Fear Of The Future Is A Fear Of Life

As humans, we are the only species on the planet that in any way can predict a future. While those predictions can only be based on assumptions from current events, we often complicate matters with our fear of uncertainty. We predict catastrophe through the use of “what if” questions and before we know it, a full disaster scenario is in front of us.

We can never safely predict the future and even the best laid plans never guarantee anything. However, we spend much of our time planning this and that which could, should, might happen. This is often done with rigid thinking and fear of the unknown which stops us enjoying the moment we have. We live in anxiety which is consolidated by confirmatory bias where our mind processes for evidence to prove what we believe to be true. The sad thing is that we then live in fear of something that may have little chance of ever happening. People who fear the future often have a profound fear of death and not achieving what they feel they should by the time it finally is their turn. At times, this can be crippling and even realism cannot help. I firmly believe that a fear of the future and death especially is a fear of life.

Where this comes from is evidently clear. We are often brought up by parents who have their own fear and subsequently parent with fear at the base of a dysfunctional parenting style. We are taught to fear the world and the people in it. We are taught to fear anything that could possibly happen to us and the consequences. We are taught not take risk and to cover every eventuality. Additionally, we are taught that we have to be virtually perfect and better than the rest to ensure we are at the top of the pile when disaster strikes. We are told we must have a career, money in the bank and the right relationship. In effect, we are taught to do, plan and predict but we are very seldom taught to ‘be’, enjoy what we are and have and look at the world with a sense of positive realism. It’s like wearing a heavy coat of protection that is difficult to take off.

It is a difficult process to take that coat off but the end result is less stress, less anxiety and more “in the moment” thinking. There are methods that can aid this.

Mindfulness Relaxation. Mindfulness is the basic human ability to be fully present, aware of where we are and what we’re doing, and not overly reactive or overwhelmed by what’s going on around us. Mindfulness is the practice of purposely focusing your attention on the present moment—and accepting it without judgment. Mindfulness is now being examined scientifically and has been found to be a key element in stress reduction and overall happiness.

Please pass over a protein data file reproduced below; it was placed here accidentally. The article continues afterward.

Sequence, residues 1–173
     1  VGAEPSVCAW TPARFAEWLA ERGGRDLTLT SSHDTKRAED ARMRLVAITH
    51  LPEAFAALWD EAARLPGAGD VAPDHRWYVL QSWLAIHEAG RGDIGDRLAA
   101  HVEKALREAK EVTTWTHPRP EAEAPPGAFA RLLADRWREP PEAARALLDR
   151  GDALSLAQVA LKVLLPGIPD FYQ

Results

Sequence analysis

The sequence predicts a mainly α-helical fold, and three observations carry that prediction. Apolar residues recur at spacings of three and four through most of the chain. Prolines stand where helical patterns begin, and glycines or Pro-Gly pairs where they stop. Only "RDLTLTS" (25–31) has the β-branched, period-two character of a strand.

Avoid Avoidance. Many of us try to avoid things that will bring up fear. The only way to beat fear is to face it. However, it is important to concentrate on the things we really can change or are in our power to change: Much fear is built up around global issues out of our control but be gentle with yourself and only face fear when you are ready.

Promote Positive Realism. Fear makes us remember and store negative experiences and this warns us about the future. Positive realism promotes a healthy attitude with manageable expectations. But there are two ways to be an realist: Unrealistic optimists believe good things will just happen—with less focus on their agency. While realistic optimists believe in their power to make good things happen, even through rough conditions.

Practice Positive Habits. Fear is habitual and promotes negative habits, leaving us anxious and depressed. Finding a purpose and more positive habits will allow us to see the world in a different light. Self-care is often neglected by people with fear and improving the basics such as eating correctly, healthy sleep, exercise and relaxation will help immediately.

Monitor Negative Thinking And Challenge. Much of the fear we face is instigated by negative thinking and listening to that becomes an easy escape. Monitoring these thoughts and challenging them with logic, followed by affirmative action will help.

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Dr. Nicholas Jenner

Dr. Nicholas Jenner is a counseling psychotherapist in online private practice working with individuals, couples and groups, dealing with codependency issues, severe depression, bipolar, personality disorders, anxiety, PTSD, eating disorders and other mental health issues. He has been practicing online for many years and recognized early that online therapy was a convenient method for people to meet their therapist. Working outside the box, he goes that extra mile to make sure clients have access to help between sessions, something that is greatly appreciated. He also gives part of his spare time up to mentor psychology students in a university setting.

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This Post Has 8 Comments

  1. Marty

    Worry every second or live full out, we die the same day, same hour, same minute

    No extra days for playing it safe, not risking

      1. Dr. Nicholas Jenner

        I understand…don’t worry. You will not be forced to do anything you don’t want to